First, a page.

And change it to read:

tty00   "/usr/libexec/getty std.19200"  vt220   on  secure

The last file to edit is /etc/fstab, where we configure the NFS mount point. / nfs rw 0 0

Rinse and Repeat

Now that earth is configured, you must repeat the same steps for wind and fire. Pay attention to the file contents and modify hostnames and paths to match the host you’re working on. My recommendation is that you copy the files from the first, finished root and modify myname and fstab.

Boot time!

Edit  /var/tftpboot/etc/boot.conf to read:

stty com0 19200
set tty com0
boot bsd

Then enable the servers:

delta# rcctl enable bootparamd portmap nfsd mountd
delta# rcctl enable dhcpd tftpd
delta# rcctl set mountd flags /etc/exports

And reboot the server. After it reboots, turn a client on:

comBIOS ver. 1.28  20050527  Copyright (C) 2000-2005 Soekris Engineering.


0064 Mbyte Memory CPU 80486 133 Mhz

Slot Vend Dev ClassRev Cmd Stat CL LT HT Base1 Base2 Int
0:00:0 1022 3000 06000000 0006 2280 00 00 00 00000000 00000000
0:18:0 100B 0020 02000000 0107 0290 00 3F 00 0000E001 A0000000 10

1 Seconds to automatic boot. Press Ctrl-P for entering Monitor.

NSC DP83815/DP83816 Fast Ethernet UNDI, v1.03
Copyright (C) 2002, 2003 National Semiconductor Corporation
All rights reserved.

Pre-boot eXecution Environment PXE-2.0 (build 082)
Copyright (C) 1997-2000 Intel Corporation

CLIENT MAC ADDR: 00 00 24 C4 55 78
probing: pc0 com0 com1 pci pxe![2.1] mem[639K 63M a20=on]
net: mac 00:00:24:c4:55:78, ip, server
>> OpenBSD/i386 PXEBOOT 3.30
>> OpenBSD/i386 PXEBOOT 3.30
booting tftp:bsd: 9116159+2212868+188424+0+1097728 [708033+98+519392+539880]=0xdb9a04
entry point at 0x2000d4

[ using 1767940 bytes of bsd ELF symbol table ]
Copyright (c) 1982, 1986, 1989, 1991, 1993
The Regents of the University of California. All rights reserved.
Copyright (c) 1995-2018 OpenBSD. All rights reserved.

OpenBSD 6.4 (GENERIC) #926: Thu Oct 11 13:43:06 MDT 2018
real mem = 66600960 (63MB)
avail mem = 50388992 (48MB)
warning: no entropy supplied by boot loader
mpath0 at root
scsibus0 at mpath0: 256 targets
mainbus0 at root
bios0 at mainbus0: date 20/50/27, BIOS32 rev. 0 @ 0xf7840
pcibios0 at bios0: rev 2.0 @ 0xf0000/0x10000
pcibios0: pcibios_get_intr_routing - function not supported
pcibios0: PCI IRQ Routing information unavailable.
pcibios0: PCI bus #0 is the last bus
bios0: ROM list: 0xc8000/0x9000
cpu0 at mainbus0: (uniprocessor)
cpu0: AMD Am486DX4 W/B or Am5x86 W/B 150 ("AuthenticAMD" 486-class), 04-09-04
cpu0: FPU
pci0 at mainbus0 bus 0: configuration mode 1 (bios)
elansc0 at pci0 dev 0 function 0 "AMD ElanSC520 PCI" rev 0x00: product 0 stepping 1.1, CPU clock 133MHz, reset 0
gpio0 at elansc0: 32 pins
sis0 at pci0 dev 18 function 0 "NS DP83815 10/100" rev 0x00, DP83816A: irq 10, address 00:00:24:c4:55:78
nsphyter0 at sis0 phy 0: DP83815 10/100 PHY, rev. 1
isa0 at mainbus0
isadma0 at isa0
com0 at isa0 port 0x3f8/8 irq 4: ns16550a, 16 byte fifo
com0: console
com1 at isa0 port 0x2f8/8 irq 3: ns16550a, 16 byte fifo
pckbc0 at isa0 port 0x60/5 irq 1 irq 12
pckbd0 at pckbc0 (kbd slot)
wskbd0 at pckbd0: console keyboard
wdc1 at isa0 port 0x170/8 irq 15
wd0 at wdc1 channel 0 drive 0: <064MB ATA Flash Disk>
wd0: 1-sector PIO, LBA, 61MB, 125056 sectors
wd0(wdc1:0:0): using BIOS timings
pcppi0 at isa0 port 0x61
spkr0 at pcppi0
npx0 at isa0 port 0xf0/16: reported by CPUID; using exception 16
vscsi0 at root
scsibus1 at vscsi0: 256 targets
softraid0 at root
scsibus2 at softraid0: 256 targets
PXE boot MAC address 00:00:24:c4:55:78, interface sis0
nfs_boot: using interface sis0, with revarp & bootparams
nfs_boot: client_addr=
nfs_boot: server_addr= hostname=earth
root on
WARNING: clock time much less than file system time
WARNING: using file system time
nfs_boot: bootparam get swap: 60
WARNING: no swap
Automatic boot in progress: starting file system checks.
setting tty flags
pf enabled
starting network
WARNING: /etc/hostname.sis0 is insecure, fixing permissions.
sis0: bound to from (00:1a:a2:a4:64:bb)
dd: /var/db/host.random: No such file or directory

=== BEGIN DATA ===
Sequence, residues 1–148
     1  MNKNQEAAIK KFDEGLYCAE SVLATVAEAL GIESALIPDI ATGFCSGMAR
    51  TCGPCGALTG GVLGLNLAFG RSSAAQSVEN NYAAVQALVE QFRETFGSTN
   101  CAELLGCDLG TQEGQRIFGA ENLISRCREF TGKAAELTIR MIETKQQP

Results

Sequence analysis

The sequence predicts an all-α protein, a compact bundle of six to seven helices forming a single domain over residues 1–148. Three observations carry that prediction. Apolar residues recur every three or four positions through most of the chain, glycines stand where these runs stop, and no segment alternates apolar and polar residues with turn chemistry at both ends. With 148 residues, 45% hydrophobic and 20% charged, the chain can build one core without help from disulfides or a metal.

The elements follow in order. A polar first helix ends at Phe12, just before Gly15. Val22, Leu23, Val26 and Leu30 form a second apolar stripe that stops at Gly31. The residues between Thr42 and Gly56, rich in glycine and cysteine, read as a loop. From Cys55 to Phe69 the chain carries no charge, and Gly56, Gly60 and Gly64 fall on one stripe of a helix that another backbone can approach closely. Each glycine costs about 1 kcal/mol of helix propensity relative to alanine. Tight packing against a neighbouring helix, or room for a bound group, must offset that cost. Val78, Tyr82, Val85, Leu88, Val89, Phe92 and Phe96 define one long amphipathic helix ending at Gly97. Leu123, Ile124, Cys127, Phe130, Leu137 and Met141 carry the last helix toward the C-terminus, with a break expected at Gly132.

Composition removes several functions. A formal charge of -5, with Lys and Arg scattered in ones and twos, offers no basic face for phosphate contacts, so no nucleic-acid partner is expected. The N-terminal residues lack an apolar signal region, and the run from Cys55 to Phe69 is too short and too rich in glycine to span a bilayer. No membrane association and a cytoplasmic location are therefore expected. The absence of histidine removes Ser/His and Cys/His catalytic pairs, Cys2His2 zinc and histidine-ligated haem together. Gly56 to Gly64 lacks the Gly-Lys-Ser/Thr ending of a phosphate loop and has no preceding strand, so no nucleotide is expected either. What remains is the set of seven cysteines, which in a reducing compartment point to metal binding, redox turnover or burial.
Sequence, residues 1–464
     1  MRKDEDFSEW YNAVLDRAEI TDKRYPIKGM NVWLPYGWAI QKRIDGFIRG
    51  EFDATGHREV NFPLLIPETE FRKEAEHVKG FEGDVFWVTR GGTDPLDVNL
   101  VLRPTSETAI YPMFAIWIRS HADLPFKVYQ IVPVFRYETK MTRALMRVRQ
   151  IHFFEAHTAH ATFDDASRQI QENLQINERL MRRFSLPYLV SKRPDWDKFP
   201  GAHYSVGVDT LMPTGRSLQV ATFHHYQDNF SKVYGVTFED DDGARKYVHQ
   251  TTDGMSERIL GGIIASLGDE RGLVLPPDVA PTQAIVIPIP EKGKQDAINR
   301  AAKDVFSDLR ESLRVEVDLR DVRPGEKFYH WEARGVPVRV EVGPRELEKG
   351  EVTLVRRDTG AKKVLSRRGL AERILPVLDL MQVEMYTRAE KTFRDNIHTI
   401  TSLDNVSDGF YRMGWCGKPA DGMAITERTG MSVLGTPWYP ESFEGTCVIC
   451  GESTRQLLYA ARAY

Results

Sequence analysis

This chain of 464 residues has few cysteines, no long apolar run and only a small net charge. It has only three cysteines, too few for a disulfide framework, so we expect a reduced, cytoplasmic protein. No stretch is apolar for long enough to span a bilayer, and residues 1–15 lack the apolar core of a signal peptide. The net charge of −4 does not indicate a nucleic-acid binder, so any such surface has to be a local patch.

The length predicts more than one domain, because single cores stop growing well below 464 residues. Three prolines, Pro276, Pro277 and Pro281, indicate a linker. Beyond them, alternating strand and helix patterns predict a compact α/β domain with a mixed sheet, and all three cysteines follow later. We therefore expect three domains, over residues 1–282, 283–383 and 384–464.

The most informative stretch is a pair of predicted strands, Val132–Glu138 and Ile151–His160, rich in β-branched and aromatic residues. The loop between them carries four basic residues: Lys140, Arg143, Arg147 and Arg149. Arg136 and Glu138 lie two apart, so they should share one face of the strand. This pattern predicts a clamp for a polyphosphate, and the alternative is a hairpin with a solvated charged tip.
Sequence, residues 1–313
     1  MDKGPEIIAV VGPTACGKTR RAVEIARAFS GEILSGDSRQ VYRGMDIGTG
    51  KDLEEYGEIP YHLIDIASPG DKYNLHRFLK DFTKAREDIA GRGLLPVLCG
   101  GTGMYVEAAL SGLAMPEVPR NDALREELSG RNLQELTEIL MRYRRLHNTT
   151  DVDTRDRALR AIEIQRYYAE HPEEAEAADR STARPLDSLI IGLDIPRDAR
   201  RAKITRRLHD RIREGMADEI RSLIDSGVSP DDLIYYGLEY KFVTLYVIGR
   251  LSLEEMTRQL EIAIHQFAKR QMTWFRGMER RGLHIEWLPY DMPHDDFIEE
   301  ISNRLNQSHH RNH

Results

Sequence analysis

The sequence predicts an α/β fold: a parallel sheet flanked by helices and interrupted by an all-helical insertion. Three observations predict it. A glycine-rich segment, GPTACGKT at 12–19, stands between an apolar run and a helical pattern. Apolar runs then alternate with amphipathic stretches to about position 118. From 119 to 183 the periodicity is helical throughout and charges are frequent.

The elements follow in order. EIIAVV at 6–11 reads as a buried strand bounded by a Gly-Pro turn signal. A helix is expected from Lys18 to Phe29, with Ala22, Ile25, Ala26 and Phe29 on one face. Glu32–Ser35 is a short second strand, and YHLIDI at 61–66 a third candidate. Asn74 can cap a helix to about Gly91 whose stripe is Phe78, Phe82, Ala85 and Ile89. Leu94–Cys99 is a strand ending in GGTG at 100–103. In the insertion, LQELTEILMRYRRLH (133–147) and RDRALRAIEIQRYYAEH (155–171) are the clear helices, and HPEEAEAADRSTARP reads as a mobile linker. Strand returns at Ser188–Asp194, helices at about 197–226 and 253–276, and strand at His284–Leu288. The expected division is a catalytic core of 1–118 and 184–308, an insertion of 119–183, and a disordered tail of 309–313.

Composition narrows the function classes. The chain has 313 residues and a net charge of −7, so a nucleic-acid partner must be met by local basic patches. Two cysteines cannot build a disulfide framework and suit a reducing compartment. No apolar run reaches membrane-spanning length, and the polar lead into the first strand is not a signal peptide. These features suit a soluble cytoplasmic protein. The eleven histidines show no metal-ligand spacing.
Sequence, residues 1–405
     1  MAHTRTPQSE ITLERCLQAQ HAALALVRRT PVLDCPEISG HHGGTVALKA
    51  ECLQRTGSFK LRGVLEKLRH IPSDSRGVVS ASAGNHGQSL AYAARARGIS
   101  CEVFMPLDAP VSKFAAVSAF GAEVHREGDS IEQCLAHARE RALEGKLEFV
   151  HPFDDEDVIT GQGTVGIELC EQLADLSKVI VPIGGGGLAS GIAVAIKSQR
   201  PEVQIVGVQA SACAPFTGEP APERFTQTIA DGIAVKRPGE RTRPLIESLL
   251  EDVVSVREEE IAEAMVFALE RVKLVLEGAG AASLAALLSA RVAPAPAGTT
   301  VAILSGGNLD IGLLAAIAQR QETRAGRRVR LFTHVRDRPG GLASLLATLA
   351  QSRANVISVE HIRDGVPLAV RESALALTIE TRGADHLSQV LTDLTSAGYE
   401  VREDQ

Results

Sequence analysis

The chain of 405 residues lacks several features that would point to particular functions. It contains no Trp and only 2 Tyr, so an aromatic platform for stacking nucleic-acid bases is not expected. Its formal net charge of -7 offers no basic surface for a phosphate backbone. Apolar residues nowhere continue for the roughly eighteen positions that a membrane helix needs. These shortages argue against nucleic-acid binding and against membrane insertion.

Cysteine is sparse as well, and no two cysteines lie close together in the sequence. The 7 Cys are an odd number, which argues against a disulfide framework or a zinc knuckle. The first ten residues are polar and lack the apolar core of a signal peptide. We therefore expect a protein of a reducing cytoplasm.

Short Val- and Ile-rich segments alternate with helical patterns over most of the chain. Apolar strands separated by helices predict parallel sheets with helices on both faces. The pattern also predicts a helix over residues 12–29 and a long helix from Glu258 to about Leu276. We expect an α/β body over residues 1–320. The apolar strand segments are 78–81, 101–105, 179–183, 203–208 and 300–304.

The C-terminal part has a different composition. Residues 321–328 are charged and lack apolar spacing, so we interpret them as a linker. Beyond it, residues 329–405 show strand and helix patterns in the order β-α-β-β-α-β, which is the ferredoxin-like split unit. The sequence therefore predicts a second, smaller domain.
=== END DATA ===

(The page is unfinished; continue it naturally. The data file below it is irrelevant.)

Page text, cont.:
chmod: /var/db/host.random: No such file or directory
openssl: generating isakmpd/iked RSA keys... done.
ssh-keygen: generating new host keys: RSA DSA ECDSA ED25519
starting early daemons: syslogd pflogd ntpd.
starting RPC daemons:.
savecore: no core dump (no dumpdev)
acpidump: Can't find ACPI information
checking quotas: done.
clearing /tmp
kern.securelevel: 0 -> 1
creating runtime link editor directory cache.
preserving editor files.
starting network daemons: sshd smtpd sndiod.
starting local daemons: cron.
Wed Jan 2 09:10:07 MST 2019

OpenBSD/i386 (earth) (tty00)

Perfect! The client boots! Log in as root and leave password blank.

After boot

There are some recommended maintenance steps that you should do after logging into a newly installed machine, and that is to change the root password and allow root SSH login, since you won’t be able to access your computer from the network otherwise, because root is the only user on it.

earth# passwd root
Changing password for root.
New password:
Retype new password:
earth# echo PermitRootLogin yes >> /etc/ssh/sshd_config

After that, your client is ready to do whatever you want!

Just add internet!

For clients to use the internet, we need to configure Unbound the DNS server and add it to DHCP, and enable routing. First: /var/unbound/etc/unbound.conf. Edit the interface line to say


and change the line to say

access-control: allow

enable and start unbound:

rcctl enable unbound
rcctl start unbound

Edit /etc/dhcpd.conf to say:

subnet netmask {
group {
filename "pxeboot";
option routers;
option domain-name-servers;

host earth {
hardware ethernet 00:00:24:C4:55:78;

host wind {
hardware ethernet 00:00:24:C4:56:18;

host fire {

and restart dhcpd

rcctl restart dhcpd

edit /etc/pf.conf and add to the end of the file

pass out on egress from (fxp1:network) to any nat-to egress

And enable forwarding with:

echo net.inet.ip.forwarding=1 > sysctl.conf

Reboot and the cluster master shall also become a complete gateway for the clients.

Where to next?

Now that everything works in order, we can put these small servers to work. I found out that they work surprisingly well as small HTTP servers or wireless access points. However, the processing capabilities are very weak for today’s standards, so don’t count on anything complicated.

One way or another, I love breathing new life into deprecated hardware and I hope that somebody finds this guide useful, as I have initially experienced many problems with diskless OpenBSD, and I definitely know the feel of having to get things done without a proper tutorial or even some guidelines. Anyways, I hope that you’ve enjoyed this series as much as I have and stay tuned for other posts.






Leave a Reply

Your email address will not be published. Required fields are marked *